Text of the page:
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Other websites claim, essentially, that pumps and dripperlines are not worth the effort. How do you counter this?

To be fair to many other US websites, they are based on US experiences over the last 10 years. Until recently most US states did not have the need to save water. However, within the next 10 years 35 States will suffer from water shortages.

Australia, already the driest continent, entered a 15 year drought period, commencing in the mid 1990's. Cities and rural areas alike have suffered from severe water shortages, with garden watering either banned or heavily reduced. This forced the rapid development of graywater technology.

The Australian experience with tens of thousands of installations over 10 years has proven the worth of pumped (pressurized) graywater irrigation systems.

Technological improvements in the past 5 years have produced systems where minimal maintenance is required (certainly less than gravity based systems), while maximizing the use of water you have already paid for.

Amongst many astounding claims that have been made, the following need to be discussed:

  • Pumps don't work long without filtration.
    Dirty water submersible pumps are designed for ...dirty water. They use an impeller to create a whirpool in the pump and force the water out with little contact with the impeller.
    They are designed to pump soft solids up to 1 1/2" or more in size.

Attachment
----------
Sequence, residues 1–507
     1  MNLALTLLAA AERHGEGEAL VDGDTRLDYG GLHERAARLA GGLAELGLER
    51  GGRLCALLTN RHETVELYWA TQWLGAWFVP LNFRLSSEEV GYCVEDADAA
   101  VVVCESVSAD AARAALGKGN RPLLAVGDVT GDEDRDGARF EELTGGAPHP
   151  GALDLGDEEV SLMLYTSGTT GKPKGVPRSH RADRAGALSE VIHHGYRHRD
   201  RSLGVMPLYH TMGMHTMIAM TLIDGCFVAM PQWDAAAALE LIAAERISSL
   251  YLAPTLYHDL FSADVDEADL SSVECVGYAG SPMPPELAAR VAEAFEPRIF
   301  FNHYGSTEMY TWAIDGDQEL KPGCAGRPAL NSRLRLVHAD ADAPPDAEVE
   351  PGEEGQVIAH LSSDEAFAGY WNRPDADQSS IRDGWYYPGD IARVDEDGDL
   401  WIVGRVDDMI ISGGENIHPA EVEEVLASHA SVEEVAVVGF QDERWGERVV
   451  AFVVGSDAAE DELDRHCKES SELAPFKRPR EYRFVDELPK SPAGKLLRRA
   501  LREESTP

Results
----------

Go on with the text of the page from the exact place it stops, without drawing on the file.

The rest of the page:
About 10 years ago there was a common perception in Australia that graywater had to be filtered before the pump, to preserve the pump. This has since been proven false - in over 5,000 systems manufactured and sold in Australia by Just Water Savers (Australia), not one pump has been bound by hair or lint, and this is with filtration after the pump.
  • Pumps use a lot of electricity, typically being the number 2 and 5 energy consumer within the home.
    A 660 Watt pump, providing more than enough power for residential graywater applications, will typically run for 1/2 hour per day, in total, with 4 people living at the house.  Although rated at 660W, the pump will actually run at 450 watts.

    Therefore the total daily power usage is 0..23 kilowatt hours. At say, 11 cents per kilowatt hour, this comes to a cost of   2.53 cents per day, or  $9.23 per year.
    As comparison, this is about the same amount of power consumed by a dvd player, hardly in the top 5 energy consumers in the home. 
    Overall the power usage represents 1.1% of the average home power consumption (based on 2001 USA household electricity statistics.
    This calculation is based on a graywater system connected to all shower / bath and laundry waste.
  • Float switches hang (repeatedly or not).
    If the system is properly designed with a traditional float,  the float switch will not hang.
    However care should taken choosing systems that use electronic sensors or floats riding on a shaft, both methods can suffer from sensors being gummed up by graywater.
  • Filtration is a big hassle.
    10 years ago, filtration was a hassle. Screen or mesh filters did need to be cleaned very often, because the only dripperlines commercially available required 125 micron or finer).
    5 years ago, with the introduction of 'Tiran' dripperline by Netafim Australia, filtration became much easier. Titan is now manufactured in the US and available as 'IrriGRAY'.
    'Tiran' dripperline only requires 400 Micron filtration, which is much coarser. Combined with new generation filters, filter cleaning in a residential graywater system should take no more than 1 hour over a year.